activism

alan7388's picture

Polyamory: No such thing as bad publicity?

Infinity heart

Conservative media have had a sudden spate of hysteria about polyamory in the last two weeks.

It began when Fox News picked up the topic, working from a sympathetic article in Tina Brown's online magazine "The Daily Beast." The article described the touching commitment ceremony of a triad of lovers in Hawaii. Several Fox News hosts pounded the subject for a couple days, decrying the obvious slippery slope from gay marriage to poly marriage to, as Bill O'Reilly warned, marrying turtles. O'Reilly has also warned that people will soon be marrying goats, dolphins, and ducks.

Fox's mini-jihad brought polyamory to the attention of Chuck Colson of Watergate fame...

arvan's picture

Forbidden fruit: Why shouldn't disabled people have sex or become parents?

From The New Internationalist (issue 233)

Illustration by NANCY WILLIS


Anne Finger examines one of the deepest and most damaging prejudices.

Before she became a paraplegic, Los Angeles resident DeVonna Cervantes liked to dye her pubic hair 'fun colours' - turquoise, purple, jet black. After DeVonna became disabled, a beautician friend of hers came to the rehabilitation unit and, as a Christmas present, dyed DeVonna's pubic hair a hot pink.

But there's no such thing as 'private parts' in a rehab hospital. Soon the staff, who'd seen her dye job when they were catheterizing her, sent the staff psychiatrist around to see her. Cervantes says that he told her: 'I know it is very hard to accept that you have lost your sexuality but you don't need to draw attention to it this way.' Cervantes spent the remainder of the 50-minute session arguing with him, and, in perhaps the only true medical miracle I've ever heard of, convinced him that he was wrong - that this was normal behaviour for her.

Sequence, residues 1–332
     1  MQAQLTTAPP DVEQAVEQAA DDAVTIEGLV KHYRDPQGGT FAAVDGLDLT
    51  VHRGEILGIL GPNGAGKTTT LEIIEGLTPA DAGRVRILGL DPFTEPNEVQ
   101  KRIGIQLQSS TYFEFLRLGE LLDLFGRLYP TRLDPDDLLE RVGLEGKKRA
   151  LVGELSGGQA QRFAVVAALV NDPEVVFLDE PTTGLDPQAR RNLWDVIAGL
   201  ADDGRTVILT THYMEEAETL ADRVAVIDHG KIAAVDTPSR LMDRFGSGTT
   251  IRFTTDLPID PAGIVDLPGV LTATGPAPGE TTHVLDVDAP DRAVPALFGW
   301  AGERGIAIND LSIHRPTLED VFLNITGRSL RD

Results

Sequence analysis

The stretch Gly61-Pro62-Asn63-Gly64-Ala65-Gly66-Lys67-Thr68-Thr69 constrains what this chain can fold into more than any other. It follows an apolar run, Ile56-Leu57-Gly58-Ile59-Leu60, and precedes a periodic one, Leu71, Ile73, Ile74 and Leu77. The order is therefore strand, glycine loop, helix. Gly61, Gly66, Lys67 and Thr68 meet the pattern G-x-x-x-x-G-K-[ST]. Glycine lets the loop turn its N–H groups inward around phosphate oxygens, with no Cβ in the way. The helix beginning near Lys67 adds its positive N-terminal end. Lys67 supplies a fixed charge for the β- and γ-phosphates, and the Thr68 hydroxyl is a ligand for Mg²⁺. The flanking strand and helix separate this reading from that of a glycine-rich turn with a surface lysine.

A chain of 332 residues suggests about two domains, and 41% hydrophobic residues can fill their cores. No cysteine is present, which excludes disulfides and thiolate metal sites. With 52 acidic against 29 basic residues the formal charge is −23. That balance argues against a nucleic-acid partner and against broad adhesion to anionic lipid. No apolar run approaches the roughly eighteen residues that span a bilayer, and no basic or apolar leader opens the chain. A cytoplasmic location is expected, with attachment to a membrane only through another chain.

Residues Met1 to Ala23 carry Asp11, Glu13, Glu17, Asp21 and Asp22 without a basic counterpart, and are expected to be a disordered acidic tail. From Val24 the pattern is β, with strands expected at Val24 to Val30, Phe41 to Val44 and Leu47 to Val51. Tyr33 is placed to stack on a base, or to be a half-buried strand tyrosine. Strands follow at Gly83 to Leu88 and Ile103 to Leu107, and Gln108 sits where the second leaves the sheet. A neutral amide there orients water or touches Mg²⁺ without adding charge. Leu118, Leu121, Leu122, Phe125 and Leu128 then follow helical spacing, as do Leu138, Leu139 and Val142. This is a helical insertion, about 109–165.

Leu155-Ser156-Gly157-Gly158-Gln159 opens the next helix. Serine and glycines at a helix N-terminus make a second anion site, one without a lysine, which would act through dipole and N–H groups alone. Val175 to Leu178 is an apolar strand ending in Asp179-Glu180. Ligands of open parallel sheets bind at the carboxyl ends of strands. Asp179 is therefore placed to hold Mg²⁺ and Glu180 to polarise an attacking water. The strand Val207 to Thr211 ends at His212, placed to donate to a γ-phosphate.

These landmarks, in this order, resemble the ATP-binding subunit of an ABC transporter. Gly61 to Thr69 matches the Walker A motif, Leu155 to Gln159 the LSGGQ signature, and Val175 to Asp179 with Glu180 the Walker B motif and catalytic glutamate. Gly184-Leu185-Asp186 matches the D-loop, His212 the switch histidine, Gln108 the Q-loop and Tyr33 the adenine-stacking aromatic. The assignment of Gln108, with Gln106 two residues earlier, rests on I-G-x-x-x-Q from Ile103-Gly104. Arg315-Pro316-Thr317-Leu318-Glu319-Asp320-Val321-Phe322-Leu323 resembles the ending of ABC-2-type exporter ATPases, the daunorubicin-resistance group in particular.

arvan's picture

Pro Choice and Disabled - A Contradiction?

This fine reflection was originally posted at Disability Cool:

I have been a feminist for as long as I can remember. Even as a young girl at the age of ten, I did not believe in the stereotypes that other young girls did. In college, I told a guy off for calling me a "chick". "I am not a chick or a girl - I am a woman", I told him strongly. I had not even met another feminist at the point in my life, but feminism seemed to come naturally to me.

I have been disabled for as long as I can remember. My disability is genetic. It started to show itself when I was five years old and got progressively worse as I grew older. I was correctly diagnosed when I was 39 years old, so you can imagine what kind of medical procedures I had been put through all of my life.

Choice versus eugenics

So how do these two worlds connect and help to make sense of the title of this article. In my work with the women's community, I am well known for my pro-choice stance. I have gone to pro-choice rallies, spoke at a pro-choice forum about my own experience of having an abortion and even been on a CBC morning news show (a national TV network). I believe in a woman's right to choose if she wants to have an abortion or does not want to have an abortion. It does go both ways. And don't kid yourself, lot of women with disabilities have abortions just like lots of non-disabled women have abortions. Abortions should be covered by the medical health program wherever the woman lives and must be safe and legal. I believe in nothing less than this.

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